Antibirth As the Gods Will

Toronto After Dark 2016 Review Wrap-Up: Ranking the films from best to worst

October 23, 2016Ben MK

From buddy action-comedies to revenge-themed westerns, this year's Toronto After Dark film line-up was one of the most diverse in the festival's hard-earned, 11-year history. However, TADFF's bread and butter is and forever will be its awesome slate of niche horror, sci-fi and fantasy features. Here's a look back at some of this year's titles, some of which lived up to the hype, some of which didn't...

(The following is a best-to-worst ranking of the 6 films reviewed over the 9 nights of TADFF 2016)
(Click on the film titles to read the full reviews)

#1 — Train to Busan (Yeon Sang-ho)

A harrowing journey through blood-splattered zombie territory, Train to Busan also brings some much-needed depth to the genre. Not only does the movie incorporate allegories for class warfare into its narrative, it also imbues it with a great deal of emotional heft, thanks to the relatable plights of its core group of characters. (TADFF Review)

#2 — Antibirth (Danny Perez)

Antibirth loses a bit of its stride during its scattershot second act, but it comes back stronger than ever for its gut-busting, splatter-fest finale, which pays off all the build-up that has come thus far in a big, immensely crowd-pleasing way. Suffice to say, you'll never see this ending coming, as it hits you like a blast of placenta to the face. (TADFF Review)

#3 — Trash Fire (Richard Bates Jr.)

In many respects, Trash Fire is very much a character drama, as its dialogue-driven narrative doesn't immediately scream horror. But what the movie lacks in jump-out-of-your-seat scares it more than makes up for with its poison-tipped black humor and subversive tone, not to mention a pair of note-perfectly creepy performances. (TADFF Review)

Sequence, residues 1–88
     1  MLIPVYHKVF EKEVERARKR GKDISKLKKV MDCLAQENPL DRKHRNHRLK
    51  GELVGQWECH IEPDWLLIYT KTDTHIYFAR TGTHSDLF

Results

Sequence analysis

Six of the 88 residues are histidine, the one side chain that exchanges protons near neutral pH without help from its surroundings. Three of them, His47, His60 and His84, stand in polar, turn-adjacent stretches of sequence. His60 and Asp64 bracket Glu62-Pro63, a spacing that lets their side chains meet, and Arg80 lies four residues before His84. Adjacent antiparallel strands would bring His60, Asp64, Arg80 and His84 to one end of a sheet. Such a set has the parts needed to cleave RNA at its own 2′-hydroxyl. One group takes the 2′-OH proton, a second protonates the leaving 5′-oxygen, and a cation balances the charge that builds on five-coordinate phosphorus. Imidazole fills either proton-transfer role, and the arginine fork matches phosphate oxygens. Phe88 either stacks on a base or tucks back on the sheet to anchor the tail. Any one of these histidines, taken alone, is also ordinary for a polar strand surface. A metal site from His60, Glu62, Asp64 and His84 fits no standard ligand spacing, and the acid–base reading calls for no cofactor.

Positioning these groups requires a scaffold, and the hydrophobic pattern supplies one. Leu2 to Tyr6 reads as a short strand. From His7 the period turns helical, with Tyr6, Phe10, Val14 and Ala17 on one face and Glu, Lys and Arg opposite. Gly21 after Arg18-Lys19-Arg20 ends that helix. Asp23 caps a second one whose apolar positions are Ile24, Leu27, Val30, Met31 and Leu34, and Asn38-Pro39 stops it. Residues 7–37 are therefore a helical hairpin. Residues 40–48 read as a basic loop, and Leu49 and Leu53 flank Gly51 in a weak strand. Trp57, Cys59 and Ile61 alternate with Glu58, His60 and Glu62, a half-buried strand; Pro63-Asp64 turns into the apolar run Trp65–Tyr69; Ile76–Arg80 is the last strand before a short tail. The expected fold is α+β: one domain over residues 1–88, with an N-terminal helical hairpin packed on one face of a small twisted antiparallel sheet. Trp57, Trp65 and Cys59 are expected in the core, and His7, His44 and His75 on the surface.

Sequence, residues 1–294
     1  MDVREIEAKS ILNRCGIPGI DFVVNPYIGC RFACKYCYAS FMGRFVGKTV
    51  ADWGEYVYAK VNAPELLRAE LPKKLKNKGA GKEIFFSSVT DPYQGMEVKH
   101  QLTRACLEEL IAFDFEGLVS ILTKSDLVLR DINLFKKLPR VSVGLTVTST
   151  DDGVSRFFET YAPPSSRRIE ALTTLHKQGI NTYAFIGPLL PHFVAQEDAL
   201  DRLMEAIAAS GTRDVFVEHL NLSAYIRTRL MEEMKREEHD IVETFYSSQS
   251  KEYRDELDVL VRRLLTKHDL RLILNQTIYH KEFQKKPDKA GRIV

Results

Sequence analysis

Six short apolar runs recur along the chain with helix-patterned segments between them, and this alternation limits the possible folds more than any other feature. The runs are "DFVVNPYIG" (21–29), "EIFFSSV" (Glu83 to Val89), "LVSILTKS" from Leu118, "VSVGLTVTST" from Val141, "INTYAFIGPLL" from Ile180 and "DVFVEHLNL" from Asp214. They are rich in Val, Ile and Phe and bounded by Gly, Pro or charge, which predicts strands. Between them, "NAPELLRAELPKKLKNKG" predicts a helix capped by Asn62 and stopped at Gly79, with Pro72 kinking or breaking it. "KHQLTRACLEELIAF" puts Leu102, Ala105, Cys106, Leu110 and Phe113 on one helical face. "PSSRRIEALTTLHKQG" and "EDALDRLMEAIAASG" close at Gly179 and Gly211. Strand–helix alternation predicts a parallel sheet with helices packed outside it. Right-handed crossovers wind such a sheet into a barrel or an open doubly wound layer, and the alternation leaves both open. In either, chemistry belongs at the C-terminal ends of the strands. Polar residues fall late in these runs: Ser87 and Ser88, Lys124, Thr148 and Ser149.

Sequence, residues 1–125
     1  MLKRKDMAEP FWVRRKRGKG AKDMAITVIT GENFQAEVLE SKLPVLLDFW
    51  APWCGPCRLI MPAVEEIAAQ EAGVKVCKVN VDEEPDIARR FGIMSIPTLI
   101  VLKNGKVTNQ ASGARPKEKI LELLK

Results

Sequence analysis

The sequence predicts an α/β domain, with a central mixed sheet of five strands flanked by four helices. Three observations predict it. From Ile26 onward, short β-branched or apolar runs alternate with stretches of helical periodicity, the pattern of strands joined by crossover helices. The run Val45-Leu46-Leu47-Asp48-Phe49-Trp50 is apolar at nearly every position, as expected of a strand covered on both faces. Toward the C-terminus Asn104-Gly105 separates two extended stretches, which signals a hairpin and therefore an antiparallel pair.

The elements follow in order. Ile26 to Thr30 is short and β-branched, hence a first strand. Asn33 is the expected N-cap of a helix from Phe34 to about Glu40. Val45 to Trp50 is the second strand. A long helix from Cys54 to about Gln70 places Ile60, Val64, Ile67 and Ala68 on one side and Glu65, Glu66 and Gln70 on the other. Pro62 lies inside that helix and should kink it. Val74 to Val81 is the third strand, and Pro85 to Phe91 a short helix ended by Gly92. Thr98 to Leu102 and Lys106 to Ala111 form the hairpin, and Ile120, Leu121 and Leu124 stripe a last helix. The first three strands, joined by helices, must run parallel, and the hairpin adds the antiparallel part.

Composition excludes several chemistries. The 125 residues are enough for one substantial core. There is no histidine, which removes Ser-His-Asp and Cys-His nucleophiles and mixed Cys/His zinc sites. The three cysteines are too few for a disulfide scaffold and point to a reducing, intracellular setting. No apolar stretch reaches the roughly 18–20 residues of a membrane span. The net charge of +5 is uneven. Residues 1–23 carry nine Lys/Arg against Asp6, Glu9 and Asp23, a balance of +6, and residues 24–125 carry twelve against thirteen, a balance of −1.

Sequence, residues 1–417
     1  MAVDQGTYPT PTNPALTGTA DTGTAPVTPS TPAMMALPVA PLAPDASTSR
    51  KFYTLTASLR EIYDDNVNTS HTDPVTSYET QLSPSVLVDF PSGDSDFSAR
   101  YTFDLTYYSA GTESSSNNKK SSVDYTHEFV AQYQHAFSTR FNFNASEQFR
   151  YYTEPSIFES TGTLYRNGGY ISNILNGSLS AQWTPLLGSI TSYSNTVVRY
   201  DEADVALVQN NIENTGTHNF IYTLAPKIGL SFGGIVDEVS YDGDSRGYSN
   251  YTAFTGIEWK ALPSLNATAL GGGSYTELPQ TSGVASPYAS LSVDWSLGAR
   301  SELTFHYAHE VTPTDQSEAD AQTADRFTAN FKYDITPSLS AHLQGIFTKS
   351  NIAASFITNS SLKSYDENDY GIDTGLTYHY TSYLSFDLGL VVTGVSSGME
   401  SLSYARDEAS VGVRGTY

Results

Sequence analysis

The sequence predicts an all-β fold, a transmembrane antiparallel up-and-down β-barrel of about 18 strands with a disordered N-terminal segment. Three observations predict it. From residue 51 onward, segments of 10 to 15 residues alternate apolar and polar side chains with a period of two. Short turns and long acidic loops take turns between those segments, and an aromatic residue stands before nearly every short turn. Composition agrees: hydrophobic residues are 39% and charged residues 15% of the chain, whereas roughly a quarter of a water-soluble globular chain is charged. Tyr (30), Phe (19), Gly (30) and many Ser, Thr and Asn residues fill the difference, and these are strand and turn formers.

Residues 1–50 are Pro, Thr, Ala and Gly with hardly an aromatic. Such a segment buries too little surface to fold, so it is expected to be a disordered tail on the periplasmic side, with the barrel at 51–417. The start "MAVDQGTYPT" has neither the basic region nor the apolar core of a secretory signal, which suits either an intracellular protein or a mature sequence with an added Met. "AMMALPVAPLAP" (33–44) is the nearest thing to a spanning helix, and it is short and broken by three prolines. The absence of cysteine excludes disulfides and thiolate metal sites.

#4 — As the Gods Will (Takashi Miike)

Adapted from the manga of the same name, As the Gods Will is the perfect fit for cult filmmaker Takashi Miike's devilish sensibilities. After all, this is the same director who brought us such twisted classics as Ichi the Killer and Visitor Q; and here he seizes the opportunity to take his trademark style to ridiculous new heights. (TADFF Review)

#5 — Kill Command (Steven Gomez)

Kill Command has its moments, but it's largely an exercise in mediocrity. Neither good enough to be great nor terrible enough to be considered "so bad it's good," it's the kind of generic-looking film that will show up in your Netflix recommendations queue if you've watched movies like Aliens, The Terminator or Starship Troopers. (TADFF Review)

#6 — From a House on Willow Street (Alastair Orr)

A movie about a kidnapping gone supernaturally wrong, From a House on Willow Street takes the concept of a siege picture and turns it into a battle for survival on the part of the attackers, not the would-be victim. But while the film may find its fans among the same demographic who enjoyed this past summer's Don't Breathe, most moviegoers will find this bland horror outing rather uninspired. (TADFF Review)

(See you next year!)

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